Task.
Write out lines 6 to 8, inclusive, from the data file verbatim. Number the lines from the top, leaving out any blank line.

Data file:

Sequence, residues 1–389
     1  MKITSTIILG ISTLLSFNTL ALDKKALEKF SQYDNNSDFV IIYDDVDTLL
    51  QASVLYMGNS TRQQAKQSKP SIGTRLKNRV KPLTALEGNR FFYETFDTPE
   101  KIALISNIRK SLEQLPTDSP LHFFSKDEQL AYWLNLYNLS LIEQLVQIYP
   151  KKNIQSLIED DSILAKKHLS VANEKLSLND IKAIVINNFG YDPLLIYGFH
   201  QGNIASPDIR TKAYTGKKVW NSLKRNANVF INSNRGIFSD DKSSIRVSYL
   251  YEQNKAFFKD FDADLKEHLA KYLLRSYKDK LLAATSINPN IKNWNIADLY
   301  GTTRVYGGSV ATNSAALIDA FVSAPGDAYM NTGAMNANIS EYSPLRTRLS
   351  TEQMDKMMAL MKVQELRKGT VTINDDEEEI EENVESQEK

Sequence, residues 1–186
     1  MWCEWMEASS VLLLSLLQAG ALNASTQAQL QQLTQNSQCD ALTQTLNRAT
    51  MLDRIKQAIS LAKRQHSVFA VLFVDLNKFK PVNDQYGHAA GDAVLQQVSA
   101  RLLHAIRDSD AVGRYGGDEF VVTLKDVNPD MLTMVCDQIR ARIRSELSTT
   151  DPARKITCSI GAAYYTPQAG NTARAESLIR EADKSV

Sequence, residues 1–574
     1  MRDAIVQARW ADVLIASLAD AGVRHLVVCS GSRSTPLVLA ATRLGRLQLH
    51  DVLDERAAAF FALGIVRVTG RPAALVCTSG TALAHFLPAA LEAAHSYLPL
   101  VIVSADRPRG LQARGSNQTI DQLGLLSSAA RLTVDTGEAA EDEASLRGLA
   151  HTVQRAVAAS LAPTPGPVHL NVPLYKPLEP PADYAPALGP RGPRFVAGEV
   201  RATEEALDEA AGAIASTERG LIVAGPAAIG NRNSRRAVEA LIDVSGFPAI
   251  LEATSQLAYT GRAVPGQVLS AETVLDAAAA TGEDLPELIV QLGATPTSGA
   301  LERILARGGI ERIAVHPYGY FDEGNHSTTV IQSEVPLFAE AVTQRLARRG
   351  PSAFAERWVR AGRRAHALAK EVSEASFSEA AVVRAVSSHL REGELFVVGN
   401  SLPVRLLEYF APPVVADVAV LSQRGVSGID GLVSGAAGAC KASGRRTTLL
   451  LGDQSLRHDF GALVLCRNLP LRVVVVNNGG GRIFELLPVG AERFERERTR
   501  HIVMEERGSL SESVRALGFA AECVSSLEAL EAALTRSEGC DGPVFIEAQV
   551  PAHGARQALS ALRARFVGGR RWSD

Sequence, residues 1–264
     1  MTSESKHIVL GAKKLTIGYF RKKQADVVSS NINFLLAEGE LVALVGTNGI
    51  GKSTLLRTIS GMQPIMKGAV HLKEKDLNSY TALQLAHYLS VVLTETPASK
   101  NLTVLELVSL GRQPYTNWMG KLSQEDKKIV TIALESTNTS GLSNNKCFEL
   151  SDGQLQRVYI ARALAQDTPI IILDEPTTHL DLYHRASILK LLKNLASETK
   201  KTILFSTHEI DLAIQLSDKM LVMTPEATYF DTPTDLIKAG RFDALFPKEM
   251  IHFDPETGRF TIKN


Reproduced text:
   201  QGNIASPDIR TKAYTGKKVW NSLKRNANVF INSNRGIFSD DKSSIRVSYL
   251  YEQNKAFFKD FDADLKEHLA KYLLRSYKDK LLAATSINPN IKNWNIADLY
   301  GTTRVYGGSV ATNSAALIDA FVSAPGDAYM NTGAMNANIS EYSPLRTRLS